At the onset of the crisis, Mercy Corps arrived at the Romanian border to assess the greatest needs for refugees. Mercy Corps continues to work in Romania with partner organizations to ship essential supplies into Ukraine, including food, baby food, face masks, medical supplies, hygiene products, and medicine.
Around two-thirds of children in Ukraine are now displaced, either fleeing to nearby countries or are displaced within the country. In Ivano-Frankivsk, Ukraine, Mercy Corps partners with a local organization called Kamyanytsya Austria to run a daycare center for families who have been displaced by the war. The center provides free childcare from morning until afternoon, giving children a safe space to play and learn—a sense of normalcy during a tumultuous time. While the children are taking trips to nearby parks and theaters, their parents take this time to figure out logistics of relocating their families.
“We have some children whose dads are in the army now, who are serving our country,” said teacher Denys Kvasov. “I feel grateful to them. And it’s kind of a trade, because they protect me—including all of us—and at the same time, I take care of their children, which is important for me.”
I want the war to end, I want people to be able to return home.Mubariz Alimov, Third-country national
Mubariz Alimov, who is originally from Azerbaijan, was selling goods in a small Kyiv shop when the war began in Ukraine. After escaping to Poland, he is staying in a shelter for refugees, many of whom are non-Ukrainians who were living in Ukraine. Third-country nationals, along with Romani refugees, have experienced discrimation, difficulty finding transportation and accommodations, and face additional challenges as refugees because they often lack the documents required to legally work or travel within Europe.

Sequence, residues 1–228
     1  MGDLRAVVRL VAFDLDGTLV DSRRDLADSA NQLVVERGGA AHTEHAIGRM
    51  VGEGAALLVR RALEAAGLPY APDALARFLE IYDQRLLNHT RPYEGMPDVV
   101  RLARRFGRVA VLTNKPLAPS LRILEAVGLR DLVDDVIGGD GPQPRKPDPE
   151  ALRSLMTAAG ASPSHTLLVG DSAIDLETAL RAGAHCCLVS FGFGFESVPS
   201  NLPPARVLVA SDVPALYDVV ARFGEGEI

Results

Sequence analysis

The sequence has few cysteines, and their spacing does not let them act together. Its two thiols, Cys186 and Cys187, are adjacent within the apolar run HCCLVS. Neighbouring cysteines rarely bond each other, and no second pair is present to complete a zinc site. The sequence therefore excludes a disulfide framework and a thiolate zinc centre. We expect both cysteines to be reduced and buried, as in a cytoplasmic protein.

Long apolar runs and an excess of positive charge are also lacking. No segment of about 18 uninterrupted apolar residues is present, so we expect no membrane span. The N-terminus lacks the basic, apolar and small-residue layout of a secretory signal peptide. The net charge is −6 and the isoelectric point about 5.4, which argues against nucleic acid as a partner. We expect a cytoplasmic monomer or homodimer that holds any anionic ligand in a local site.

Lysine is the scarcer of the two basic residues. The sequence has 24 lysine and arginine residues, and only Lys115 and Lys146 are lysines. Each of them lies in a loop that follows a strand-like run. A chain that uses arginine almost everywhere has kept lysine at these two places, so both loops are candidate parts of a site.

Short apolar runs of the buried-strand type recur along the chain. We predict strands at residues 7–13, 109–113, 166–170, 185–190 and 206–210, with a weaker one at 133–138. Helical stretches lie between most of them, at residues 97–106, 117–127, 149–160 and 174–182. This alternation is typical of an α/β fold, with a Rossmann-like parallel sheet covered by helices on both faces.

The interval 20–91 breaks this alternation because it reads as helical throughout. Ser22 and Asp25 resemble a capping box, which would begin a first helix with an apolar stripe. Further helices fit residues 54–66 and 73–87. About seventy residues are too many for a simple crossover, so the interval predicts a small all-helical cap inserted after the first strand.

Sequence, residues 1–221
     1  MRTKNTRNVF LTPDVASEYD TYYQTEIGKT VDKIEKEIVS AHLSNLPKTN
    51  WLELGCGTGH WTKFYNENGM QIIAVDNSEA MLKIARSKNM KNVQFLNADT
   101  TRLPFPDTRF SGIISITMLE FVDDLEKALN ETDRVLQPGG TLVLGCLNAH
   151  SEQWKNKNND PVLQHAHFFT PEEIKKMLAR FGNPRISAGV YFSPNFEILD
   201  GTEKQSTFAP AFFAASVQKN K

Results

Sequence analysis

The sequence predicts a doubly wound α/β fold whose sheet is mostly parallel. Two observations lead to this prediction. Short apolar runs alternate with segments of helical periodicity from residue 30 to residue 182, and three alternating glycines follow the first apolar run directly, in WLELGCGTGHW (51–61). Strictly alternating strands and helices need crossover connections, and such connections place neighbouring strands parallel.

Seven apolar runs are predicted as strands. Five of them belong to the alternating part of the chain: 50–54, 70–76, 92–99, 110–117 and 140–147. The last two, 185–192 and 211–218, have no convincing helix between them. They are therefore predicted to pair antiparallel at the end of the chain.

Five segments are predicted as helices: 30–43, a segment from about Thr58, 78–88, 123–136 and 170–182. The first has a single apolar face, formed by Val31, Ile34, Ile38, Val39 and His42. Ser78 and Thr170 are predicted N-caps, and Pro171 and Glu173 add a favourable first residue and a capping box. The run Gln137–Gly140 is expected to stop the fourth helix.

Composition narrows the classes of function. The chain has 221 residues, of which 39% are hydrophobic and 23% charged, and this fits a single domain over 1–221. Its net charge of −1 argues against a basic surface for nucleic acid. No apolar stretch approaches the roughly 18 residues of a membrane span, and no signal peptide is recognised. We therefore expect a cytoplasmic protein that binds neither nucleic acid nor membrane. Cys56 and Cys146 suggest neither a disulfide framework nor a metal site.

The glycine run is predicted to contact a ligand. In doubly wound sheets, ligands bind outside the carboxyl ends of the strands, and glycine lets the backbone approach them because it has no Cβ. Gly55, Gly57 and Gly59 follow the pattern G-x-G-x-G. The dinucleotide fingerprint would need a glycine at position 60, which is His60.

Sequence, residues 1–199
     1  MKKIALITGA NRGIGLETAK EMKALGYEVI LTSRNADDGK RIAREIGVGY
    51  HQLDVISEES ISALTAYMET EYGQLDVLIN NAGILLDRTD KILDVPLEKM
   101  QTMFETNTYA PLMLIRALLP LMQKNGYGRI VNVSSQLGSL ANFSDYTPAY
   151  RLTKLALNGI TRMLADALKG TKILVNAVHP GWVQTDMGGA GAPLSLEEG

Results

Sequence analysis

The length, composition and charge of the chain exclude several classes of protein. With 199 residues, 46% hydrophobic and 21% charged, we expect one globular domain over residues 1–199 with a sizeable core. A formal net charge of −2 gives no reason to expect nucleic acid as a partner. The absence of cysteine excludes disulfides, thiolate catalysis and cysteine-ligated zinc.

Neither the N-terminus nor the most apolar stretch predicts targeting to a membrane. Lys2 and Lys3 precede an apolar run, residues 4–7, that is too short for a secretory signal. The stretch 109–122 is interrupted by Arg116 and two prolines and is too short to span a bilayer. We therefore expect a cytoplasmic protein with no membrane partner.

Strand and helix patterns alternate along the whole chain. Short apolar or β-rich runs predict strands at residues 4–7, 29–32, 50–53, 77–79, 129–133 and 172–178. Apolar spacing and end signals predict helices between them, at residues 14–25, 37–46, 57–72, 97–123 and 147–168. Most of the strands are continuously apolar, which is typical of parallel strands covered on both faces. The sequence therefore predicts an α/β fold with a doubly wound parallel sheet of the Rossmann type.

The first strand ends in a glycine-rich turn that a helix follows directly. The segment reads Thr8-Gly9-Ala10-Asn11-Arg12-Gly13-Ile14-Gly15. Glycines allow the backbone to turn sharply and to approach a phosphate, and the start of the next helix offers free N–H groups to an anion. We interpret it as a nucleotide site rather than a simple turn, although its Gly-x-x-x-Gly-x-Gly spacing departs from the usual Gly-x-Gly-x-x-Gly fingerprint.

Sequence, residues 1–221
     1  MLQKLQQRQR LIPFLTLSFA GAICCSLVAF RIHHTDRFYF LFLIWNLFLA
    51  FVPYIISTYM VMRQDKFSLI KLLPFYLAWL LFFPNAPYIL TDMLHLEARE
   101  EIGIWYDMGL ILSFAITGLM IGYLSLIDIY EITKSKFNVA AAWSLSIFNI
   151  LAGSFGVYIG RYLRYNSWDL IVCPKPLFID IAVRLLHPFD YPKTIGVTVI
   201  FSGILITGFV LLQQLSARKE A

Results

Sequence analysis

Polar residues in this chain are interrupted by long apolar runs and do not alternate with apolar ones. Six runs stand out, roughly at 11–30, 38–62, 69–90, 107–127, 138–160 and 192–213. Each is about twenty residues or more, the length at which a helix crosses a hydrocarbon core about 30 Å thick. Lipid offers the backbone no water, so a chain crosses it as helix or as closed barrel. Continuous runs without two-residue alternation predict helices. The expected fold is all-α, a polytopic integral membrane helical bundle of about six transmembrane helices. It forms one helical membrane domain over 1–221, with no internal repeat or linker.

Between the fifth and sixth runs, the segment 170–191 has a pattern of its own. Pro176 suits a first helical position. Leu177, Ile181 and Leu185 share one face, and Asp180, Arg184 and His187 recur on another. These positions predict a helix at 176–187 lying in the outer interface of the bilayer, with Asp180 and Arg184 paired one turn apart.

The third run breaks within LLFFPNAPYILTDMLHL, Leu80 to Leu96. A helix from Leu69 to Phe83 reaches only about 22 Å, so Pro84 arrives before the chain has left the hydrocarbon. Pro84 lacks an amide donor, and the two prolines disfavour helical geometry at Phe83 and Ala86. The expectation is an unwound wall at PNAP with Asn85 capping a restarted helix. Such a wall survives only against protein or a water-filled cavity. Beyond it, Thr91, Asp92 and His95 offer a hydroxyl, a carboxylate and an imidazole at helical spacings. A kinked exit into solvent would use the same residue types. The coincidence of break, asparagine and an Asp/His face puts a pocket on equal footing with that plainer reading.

Mubariz says he is grateful for the kindness he is being shown. The bakery down the street donates fresh bread to the shelter every day, and a nearby florist brings them flowers to brighten up the space. Kids run back and forth among the clothing donations that line the entrance. Before the war, the shelter was a hostel for sports camps, part of a skate park that takes up a large block on the outskirts of Warsaw, Poland. Through a partnership with the Polish organization KIK (Klub Inteligencji Katolickiej, or Catholic Intelligentsia Club), Mercy Corps funds the hostel for those seeking refuge.
From distributing medical supplies and food staples to supporting marginalized groups like third-country nationals, Mercy Corps is acting quickly to help meet the urgent needs of the millions seeking refuge. Our collaboration with local community organizations in Ukraine, Poland, and Romania helps us to deliver support quickly and more effectively. By the end of 2022, Mercy Corps and our partners aim to reach at least 500,000 Ukrainians and other people in the region affected by the war with life-saving humanitarian aid.